Influences on Language

Living languages always evolve, but fortunately for us, both Shakespeare and Cervantes were authors recently enough that most of what they wrote remains understandable today despite changes in grammar and vocabulary during the intervening centuries.

Shakespeare undoubtedly had a greater influence in changing the English language, thanks to his flexibility with parts of speech, freely using nouns as adjectives or verbs, for example. He is also known to have drawn from other languages such as Greek when it was useful. Although we don't know how many words he coined, Shakespeare is responsible for the first recorded use of around 1,000 words. Among the lasting changes he is partly responsible for is the popular use of "un-" as a prefix to mean "not." Among the words or phrases we know first from Shakespeare are "one fell swoop," "swagger," "odds" (in the betting sense), "full circle," "puke" (vomit), "unfriend" (used as a noun to refer to an enemy) and "hazel" (as a color).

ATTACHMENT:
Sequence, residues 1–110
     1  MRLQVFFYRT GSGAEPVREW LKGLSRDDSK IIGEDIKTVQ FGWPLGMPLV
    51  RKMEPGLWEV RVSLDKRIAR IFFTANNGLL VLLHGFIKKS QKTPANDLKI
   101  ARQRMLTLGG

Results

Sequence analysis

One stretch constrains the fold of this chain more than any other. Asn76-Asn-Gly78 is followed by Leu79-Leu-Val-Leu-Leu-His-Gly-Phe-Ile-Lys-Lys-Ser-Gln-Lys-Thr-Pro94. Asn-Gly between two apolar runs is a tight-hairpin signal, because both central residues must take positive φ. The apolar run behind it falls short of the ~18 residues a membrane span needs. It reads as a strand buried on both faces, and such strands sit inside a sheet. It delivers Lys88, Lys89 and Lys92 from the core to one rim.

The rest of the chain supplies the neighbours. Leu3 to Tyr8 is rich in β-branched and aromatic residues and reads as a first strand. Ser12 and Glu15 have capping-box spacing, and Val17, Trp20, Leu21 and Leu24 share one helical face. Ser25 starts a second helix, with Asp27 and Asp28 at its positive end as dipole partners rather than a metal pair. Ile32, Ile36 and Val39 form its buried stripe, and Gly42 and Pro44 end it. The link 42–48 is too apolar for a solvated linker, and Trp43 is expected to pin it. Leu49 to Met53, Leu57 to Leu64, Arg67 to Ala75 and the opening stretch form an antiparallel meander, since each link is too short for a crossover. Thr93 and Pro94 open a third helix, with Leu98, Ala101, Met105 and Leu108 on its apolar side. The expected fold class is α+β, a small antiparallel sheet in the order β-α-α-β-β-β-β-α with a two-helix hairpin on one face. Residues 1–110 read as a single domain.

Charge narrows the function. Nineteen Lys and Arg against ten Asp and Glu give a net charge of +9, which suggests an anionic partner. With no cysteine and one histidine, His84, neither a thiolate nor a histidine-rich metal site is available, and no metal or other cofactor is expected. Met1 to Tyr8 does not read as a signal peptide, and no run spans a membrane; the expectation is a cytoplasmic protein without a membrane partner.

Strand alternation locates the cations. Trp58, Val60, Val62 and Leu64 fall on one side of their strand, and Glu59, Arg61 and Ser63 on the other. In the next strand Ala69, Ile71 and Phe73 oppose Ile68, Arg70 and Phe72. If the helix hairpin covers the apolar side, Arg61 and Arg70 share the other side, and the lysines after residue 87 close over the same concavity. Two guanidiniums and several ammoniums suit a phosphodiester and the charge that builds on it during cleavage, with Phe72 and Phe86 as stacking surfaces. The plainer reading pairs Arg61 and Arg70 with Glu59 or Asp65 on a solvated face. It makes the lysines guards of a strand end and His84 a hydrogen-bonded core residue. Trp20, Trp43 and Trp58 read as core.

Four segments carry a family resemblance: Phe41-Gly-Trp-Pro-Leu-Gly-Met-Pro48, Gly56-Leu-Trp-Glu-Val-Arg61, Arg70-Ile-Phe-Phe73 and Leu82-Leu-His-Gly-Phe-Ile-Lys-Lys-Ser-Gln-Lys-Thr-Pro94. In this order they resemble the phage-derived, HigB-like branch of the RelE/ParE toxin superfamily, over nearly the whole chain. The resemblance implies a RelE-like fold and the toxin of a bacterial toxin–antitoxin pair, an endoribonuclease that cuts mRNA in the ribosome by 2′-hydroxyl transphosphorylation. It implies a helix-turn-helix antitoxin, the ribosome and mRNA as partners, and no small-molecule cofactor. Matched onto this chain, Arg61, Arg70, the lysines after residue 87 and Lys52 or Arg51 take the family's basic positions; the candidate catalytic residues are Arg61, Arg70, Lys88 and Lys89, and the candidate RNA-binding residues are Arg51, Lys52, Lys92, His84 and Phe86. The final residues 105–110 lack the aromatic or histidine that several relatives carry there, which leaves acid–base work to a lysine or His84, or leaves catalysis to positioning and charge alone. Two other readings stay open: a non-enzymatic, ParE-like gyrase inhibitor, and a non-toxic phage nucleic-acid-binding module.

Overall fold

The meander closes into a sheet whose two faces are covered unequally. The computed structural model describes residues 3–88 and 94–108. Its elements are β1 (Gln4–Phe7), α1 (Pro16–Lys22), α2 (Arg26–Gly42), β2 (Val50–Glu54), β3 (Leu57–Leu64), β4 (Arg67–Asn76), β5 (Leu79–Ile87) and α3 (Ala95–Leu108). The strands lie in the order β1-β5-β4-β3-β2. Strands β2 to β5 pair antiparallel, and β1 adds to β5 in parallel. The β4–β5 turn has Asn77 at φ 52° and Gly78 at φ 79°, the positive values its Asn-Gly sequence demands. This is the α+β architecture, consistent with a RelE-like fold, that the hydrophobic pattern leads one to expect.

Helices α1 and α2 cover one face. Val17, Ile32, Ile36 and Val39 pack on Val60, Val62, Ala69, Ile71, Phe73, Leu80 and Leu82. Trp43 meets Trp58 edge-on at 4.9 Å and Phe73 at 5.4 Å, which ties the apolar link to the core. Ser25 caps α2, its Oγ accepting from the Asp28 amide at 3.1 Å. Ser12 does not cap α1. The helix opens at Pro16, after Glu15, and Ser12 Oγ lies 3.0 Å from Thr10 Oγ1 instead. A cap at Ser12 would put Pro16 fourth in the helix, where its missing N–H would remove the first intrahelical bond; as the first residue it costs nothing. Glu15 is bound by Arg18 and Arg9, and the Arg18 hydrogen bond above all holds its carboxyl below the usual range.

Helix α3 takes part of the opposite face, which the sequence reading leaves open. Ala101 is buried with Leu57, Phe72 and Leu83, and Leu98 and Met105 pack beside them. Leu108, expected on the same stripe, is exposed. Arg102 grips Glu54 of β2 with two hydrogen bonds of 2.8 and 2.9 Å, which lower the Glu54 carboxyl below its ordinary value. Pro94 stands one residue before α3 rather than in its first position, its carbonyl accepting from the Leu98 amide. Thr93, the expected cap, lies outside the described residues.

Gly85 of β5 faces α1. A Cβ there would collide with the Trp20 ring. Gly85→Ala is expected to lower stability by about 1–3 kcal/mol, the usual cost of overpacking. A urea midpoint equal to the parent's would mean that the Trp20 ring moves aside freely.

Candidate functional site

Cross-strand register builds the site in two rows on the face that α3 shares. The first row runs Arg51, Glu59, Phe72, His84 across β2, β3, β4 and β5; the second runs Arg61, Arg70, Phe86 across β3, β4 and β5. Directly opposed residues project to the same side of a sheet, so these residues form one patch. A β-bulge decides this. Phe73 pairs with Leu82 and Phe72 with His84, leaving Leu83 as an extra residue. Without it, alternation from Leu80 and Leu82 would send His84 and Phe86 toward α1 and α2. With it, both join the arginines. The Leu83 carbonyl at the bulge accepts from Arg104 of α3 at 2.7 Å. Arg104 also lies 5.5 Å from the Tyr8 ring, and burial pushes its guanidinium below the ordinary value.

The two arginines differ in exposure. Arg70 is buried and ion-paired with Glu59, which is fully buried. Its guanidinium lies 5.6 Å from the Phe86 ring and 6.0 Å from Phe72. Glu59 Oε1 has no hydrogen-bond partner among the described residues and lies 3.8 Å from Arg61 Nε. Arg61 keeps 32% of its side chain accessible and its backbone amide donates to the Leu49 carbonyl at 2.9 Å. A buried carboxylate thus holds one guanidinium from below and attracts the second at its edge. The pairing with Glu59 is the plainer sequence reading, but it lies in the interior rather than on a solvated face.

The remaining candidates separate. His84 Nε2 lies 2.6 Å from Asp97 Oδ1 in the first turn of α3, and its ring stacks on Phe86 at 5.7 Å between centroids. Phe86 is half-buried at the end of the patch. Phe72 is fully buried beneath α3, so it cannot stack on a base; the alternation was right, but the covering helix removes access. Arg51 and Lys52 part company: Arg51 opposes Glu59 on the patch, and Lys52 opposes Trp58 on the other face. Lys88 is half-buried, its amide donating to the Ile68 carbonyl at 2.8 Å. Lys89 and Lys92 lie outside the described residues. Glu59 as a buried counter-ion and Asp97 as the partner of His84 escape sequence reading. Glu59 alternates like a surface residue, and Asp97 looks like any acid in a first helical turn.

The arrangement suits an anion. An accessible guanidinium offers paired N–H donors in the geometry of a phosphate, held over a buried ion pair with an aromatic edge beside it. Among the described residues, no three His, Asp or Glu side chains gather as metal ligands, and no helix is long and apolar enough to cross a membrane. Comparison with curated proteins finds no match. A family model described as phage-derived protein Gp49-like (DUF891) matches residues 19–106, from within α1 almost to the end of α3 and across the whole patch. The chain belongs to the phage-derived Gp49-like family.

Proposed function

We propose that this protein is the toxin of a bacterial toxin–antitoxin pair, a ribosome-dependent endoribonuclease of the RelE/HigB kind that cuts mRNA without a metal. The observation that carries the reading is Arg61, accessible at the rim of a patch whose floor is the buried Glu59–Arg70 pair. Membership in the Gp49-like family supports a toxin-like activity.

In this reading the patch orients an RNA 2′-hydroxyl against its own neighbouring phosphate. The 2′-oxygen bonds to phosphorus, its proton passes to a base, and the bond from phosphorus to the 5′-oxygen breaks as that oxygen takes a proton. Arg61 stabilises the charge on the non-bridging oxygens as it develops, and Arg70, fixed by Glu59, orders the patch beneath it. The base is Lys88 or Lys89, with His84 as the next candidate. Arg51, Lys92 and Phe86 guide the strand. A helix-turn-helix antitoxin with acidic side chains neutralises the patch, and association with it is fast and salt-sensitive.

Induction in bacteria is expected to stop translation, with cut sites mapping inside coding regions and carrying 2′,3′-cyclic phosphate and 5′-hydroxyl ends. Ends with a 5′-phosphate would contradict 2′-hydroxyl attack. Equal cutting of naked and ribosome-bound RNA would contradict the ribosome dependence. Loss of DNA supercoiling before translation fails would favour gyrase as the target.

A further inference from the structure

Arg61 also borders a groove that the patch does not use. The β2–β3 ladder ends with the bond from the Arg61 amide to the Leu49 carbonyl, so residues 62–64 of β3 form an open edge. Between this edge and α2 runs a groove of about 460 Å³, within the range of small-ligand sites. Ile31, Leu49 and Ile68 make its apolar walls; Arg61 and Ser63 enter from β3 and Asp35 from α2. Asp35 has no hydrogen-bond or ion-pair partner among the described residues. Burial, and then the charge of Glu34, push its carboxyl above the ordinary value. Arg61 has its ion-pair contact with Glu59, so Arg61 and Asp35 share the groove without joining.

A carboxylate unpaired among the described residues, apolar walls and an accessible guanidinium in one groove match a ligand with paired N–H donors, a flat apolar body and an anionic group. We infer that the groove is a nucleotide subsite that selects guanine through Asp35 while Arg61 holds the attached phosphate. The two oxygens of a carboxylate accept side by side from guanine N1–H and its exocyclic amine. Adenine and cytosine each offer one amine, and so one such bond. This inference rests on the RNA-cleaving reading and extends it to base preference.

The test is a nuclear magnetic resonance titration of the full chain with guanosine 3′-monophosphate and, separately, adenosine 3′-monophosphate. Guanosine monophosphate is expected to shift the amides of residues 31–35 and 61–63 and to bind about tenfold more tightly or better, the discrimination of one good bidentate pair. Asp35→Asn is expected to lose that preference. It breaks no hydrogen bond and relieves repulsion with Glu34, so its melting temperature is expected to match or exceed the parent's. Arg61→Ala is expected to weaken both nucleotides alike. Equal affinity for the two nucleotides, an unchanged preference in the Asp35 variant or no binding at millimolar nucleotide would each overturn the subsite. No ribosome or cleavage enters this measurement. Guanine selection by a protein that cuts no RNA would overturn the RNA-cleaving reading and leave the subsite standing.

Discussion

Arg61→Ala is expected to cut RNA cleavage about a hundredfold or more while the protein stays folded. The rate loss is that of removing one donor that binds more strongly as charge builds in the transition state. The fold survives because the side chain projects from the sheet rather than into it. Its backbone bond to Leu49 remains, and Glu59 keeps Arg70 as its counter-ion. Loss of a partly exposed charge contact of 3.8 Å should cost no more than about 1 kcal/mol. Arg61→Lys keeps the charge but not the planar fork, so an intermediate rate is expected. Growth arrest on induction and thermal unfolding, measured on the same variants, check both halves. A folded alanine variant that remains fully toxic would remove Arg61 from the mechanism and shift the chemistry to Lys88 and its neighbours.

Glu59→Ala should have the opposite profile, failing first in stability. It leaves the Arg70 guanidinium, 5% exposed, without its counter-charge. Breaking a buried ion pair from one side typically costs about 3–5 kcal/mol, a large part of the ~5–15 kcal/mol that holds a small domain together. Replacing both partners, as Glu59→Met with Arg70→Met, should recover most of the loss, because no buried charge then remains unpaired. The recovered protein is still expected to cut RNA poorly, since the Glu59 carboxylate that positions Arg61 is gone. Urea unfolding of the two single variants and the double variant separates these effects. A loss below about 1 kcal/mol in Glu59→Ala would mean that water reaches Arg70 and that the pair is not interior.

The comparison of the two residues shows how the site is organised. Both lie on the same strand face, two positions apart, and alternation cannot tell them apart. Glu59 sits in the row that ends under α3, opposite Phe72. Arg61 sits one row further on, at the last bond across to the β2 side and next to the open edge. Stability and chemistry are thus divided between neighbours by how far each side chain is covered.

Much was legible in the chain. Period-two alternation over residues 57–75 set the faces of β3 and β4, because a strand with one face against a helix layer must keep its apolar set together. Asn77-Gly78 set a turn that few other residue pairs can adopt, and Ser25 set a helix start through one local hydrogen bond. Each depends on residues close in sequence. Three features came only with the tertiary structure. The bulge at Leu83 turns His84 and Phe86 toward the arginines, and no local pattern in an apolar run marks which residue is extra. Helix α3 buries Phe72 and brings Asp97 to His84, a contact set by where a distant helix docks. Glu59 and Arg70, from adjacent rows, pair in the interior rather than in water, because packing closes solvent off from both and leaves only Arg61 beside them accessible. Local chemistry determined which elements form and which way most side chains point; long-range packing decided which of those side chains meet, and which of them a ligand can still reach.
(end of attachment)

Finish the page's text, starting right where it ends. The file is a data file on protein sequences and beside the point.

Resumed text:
Cervantes isn't known so much for enriching Spanish vocabulary as he is for using sayings or phrases (not necessarily original with him) that have endured and even become parts of other languages.

Among those that have become part of English are "tilting at windmills," "the pot calling the kettle black" (although in the original a frying pan does the talking) and "the sky's the limit."

So widely known became Cervantes' pioneering novel that Don Quijote became the source of the English adjective "quixotic." (Quixote is an alternate spelling of the title character.)

Both men became closely associated with their languages. English is frequently referred to as "the language of Shakespeare" (although the term is often used to refer specifically to how it was spoken in his era), while Spanish is often called the language of Cervantes, which has changed less since his era than English has.